Cell Phone

[Note: Written in July 2006]

Over 65% of Americans own a cell phone, while in Europe, there are more cell phones than people.

Ever since its invention, the telephone has been seen as a liberator; no longer did you have to be physically in the same place as another person to be able to talk to them. However, you did have to be tethered to a wall in a house, or a payphone. Phones were not mobile.

Truly portable two-way communication began to take shape in the 1930s, primarily as a way to contact police cars. This evolved into the Citizens Band, or CB radios used primarily by truck drivers.

In the 1960s and 1970s the movers and shakers of the entertainment and business industries installed phones in their cars. These units utilized a system not unlike Vietnam War-era radio backpacks.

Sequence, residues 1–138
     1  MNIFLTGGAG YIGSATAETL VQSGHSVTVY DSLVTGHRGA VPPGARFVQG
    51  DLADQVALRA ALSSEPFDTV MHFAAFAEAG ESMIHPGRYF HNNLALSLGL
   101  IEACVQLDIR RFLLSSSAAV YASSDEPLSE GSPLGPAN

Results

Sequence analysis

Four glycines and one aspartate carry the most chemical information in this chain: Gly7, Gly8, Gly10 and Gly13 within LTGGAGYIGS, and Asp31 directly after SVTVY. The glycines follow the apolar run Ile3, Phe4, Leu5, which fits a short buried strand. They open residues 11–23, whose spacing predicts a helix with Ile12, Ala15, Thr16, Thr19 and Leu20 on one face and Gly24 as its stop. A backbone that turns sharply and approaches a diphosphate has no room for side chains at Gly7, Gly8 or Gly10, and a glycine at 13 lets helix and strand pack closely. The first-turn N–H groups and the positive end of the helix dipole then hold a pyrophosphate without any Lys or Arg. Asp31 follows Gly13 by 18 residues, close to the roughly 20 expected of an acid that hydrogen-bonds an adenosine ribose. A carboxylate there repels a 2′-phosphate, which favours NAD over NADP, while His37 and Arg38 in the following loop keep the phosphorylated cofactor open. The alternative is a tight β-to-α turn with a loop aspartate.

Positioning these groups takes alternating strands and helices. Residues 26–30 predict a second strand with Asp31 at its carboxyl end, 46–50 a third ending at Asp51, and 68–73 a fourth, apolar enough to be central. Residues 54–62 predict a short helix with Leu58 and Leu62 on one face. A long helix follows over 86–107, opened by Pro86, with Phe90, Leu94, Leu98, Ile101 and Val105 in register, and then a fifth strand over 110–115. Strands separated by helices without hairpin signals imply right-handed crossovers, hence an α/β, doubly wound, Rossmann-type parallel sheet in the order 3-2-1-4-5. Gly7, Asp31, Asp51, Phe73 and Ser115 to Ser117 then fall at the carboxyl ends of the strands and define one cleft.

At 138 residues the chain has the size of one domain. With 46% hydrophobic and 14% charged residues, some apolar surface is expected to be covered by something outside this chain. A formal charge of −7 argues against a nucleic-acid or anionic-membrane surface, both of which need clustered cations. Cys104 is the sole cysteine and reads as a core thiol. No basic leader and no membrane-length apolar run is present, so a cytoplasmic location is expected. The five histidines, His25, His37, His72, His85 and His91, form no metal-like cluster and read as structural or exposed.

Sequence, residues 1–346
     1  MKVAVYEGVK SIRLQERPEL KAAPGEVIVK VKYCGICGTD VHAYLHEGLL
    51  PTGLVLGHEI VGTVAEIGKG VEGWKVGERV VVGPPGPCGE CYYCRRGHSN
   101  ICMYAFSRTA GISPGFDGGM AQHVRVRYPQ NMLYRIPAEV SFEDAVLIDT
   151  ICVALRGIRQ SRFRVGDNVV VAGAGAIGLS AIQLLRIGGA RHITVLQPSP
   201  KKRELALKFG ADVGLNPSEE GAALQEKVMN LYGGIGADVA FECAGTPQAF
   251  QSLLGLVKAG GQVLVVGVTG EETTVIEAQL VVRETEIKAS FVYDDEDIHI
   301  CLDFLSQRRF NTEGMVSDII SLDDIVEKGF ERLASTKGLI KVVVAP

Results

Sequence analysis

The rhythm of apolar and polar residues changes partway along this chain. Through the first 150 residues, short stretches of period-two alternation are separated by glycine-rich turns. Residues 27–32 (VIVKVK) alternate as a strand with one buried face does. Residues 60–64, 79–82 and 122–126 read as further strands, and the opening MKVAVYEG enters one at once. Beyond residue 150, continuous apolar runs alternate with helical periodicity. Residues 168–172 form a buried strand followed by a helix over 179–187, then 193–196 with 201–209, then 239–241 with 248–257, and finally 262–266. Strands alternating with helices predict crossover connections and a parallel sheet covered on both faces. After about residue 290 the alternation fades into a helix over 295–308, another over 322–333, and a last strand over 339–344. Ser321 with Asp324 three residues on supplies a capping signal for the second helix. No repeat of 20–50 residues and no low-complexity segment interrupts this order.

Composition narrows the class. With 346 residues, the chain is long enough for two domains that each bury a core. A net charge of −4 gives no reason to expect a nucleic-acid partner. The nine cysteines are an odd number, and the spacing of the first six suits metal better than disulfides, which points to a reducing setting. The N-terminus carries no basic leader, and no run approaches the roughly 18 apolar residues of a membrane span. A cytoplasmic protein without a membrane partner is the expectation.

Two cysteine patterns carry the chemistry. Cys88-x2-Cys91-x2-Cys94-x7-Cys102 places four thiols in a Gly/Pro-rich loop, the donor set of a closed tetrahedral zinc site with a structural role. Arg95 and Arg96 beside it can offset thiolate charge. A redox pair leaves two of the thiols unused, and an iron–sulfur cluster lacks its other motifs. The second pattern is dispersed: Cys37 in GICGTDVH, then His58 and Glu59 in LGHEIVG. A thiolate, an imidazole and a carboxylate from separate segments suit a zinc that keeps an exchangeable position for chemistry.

Then, in early 1973 Dr. Martin Cooper of Motorola called a rival researcher at Bell Labs while walking the streets of New York using his newly created prototype. Ten years later, Motorola unveiled the unit as the DynaTAC 8000X, the first true mobile phone. The DynaTAC was a behemoth by any standards. It was ten inches high and weighed nearly two pounds. By comparison, the 2006-era one piece cell phone is less than five inches long and weighs about six ounces.

Five years later in 1978 Motorola tested the first cellular network in Chicago.

By this time, mobile phones weighed several times the weight of today’s cell phone, and could only do one thing: make and receive calls. Today’s cell phones are packed with features such as Internet, games, flashlights, MP3 playback, and are still smaller than their decades old predecessors.

As more people buy them, and as more and more people buy them, cell phones show no sign of slowing down any time soon.


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